Translate page with Google

Story Publication logo June 24, 2009

U.S. to limit air power in Afghanistan


Media file: 790.jpg

In 2008, there were over 2,100 civilians casualties across Afghanistan. US airstrikes accounted for...


Sobered by the backlash from civilian casualties, the U.S. military is taking steps to tighten restrictions on the use of air power over Afghanistan.

Gen. Stanley McChrystal, the new U.S. military commander in Afghanistan, will order U.S. and NATO forces to break away from engagements with militants who are hiding among villagers as part of a comprehensive "tactical directive," a coalition official said Tuesday.

"It will cover all the aspects that can make a difference to improve security for the Afghan people and make the use of force as safe as possible given an enemy that is on purpose trying to cause death to civilians," said Brig. Gen. Richard Blanchette, chief spokesman for NATOs International Security Assistance Force in Afghanistan.

This evolution reflects an understanding that the Talibans strategy includes intentionally staging attacks that will lead to civilian casualties, he said, while pointing out the directive is the latest of many that show the coalition is a "learning organization."

The order, first reported by the New York Times, amounts to one of the most concrete U.S. efforts to date to protect backcountry Afghans from harm and reverse backsliding public support for the counterinsurgency effort.

"Air power contains the seeds of our own destruction if we do not use it responsibly," Gen. McChrystal told a group of senior officers during a video conference last week, according to the paper. "We can lose this fight."

An unclassified report released by the military conceded that a failure by U.S. forces to follow strict operational procedures in air strikes early last month in western Afghanistans Farah province "likely" caused the death of at least 26 civilians, adding that the actual toll will never be determined.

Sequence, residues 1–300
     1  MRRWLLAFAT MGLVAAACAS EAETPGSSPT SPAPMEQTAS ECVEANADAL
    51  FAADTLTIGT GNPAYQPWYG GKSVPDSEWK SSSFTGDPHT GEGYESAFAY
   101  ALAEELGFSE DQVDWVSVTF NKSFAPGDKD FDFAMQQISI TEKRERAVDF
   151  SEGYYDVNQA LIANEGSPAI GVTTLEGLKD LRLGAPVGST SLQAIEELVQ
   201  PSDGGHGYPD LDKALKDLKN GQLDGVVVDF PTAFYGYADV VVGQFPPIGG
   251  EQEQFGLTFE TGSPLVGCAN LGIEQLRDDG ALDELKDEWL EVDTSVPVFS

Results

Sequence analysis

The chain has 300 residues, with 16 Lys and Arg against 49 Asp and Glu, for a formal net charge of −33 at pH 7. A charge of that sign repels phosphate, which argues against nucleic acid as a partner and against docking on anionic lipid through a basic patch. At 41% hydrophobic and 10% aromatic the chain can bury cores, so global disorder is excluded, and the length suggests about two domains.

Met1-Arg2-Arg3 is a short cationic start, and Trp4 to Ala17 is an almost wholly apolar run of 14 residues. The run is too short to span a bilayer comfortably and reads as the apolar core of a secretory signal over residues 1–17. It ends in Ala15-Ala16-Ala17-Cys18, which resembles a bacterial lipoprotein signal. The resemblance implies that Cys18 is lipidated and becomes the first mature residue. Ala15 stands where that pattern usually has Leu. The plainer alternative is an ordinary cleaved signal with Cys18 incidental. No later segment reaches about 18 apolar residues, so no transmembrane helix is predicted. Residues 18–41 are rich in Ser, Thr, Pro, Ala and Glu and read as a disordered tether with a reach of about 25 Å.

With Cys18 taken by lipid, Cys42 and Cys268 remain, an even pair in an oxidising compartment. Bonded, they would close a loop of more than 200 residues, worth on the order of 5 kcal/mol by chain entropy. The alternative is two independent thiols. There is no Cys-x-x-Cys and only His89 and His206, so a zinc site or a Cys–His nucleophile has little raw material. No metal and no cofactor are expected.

Word of the incident provoked anti-U.S. protests across the country and calls from Afghan lawmakers for an outright ban on air strikes. Precise circumstances of the incident and the resulting death toll have been in dispute.

Another report by the Afghan Independent Human Rights Commission (AIHRC) found that as many as 86 civilians died, with some Taliban among the victims. The U.S. militarys investigative team acknowledged the AIHRC report as a "balanced, thorough investigation" into the incident.

The Afghan government claimed the attack left at least 100 civilians dead, which would have made it the largest number of civilians killed in a single incident since U.S.-led forces ousted the Taliban regime in 2001.

The militarys internal investigation of the May 4-5 engagement found that U.S. forces in the air and on the ground observed the rules of engagement, but three air strikes by a B-1 bomber did not follow operational directives laid down by then-Commander Gen. David McKiernan to first ensure civilians were not present.

"Not applying all of that guidance likely resulted in civilian casualties," the report said.

The Washington Times reported May 15 that several residents of Farahs Bala Boluk district who lost family members in the attack said that most of the militants had moved on two hours before the air strikes began.

Video footage taken from one of the B-1 planes reveals groups of militants fleeing into the compounds in the village of Gerani, U.S. spokesmen have said, before 500- and 2,000-pound bombs were dropped. The U.S. report estimates at least 78 Taliban militants were killed in the strikes.





war and conflict reporting


War and Conflict

War and Conflict

Support our work

Your support ensures great journalism and education on underreported and systemic global issues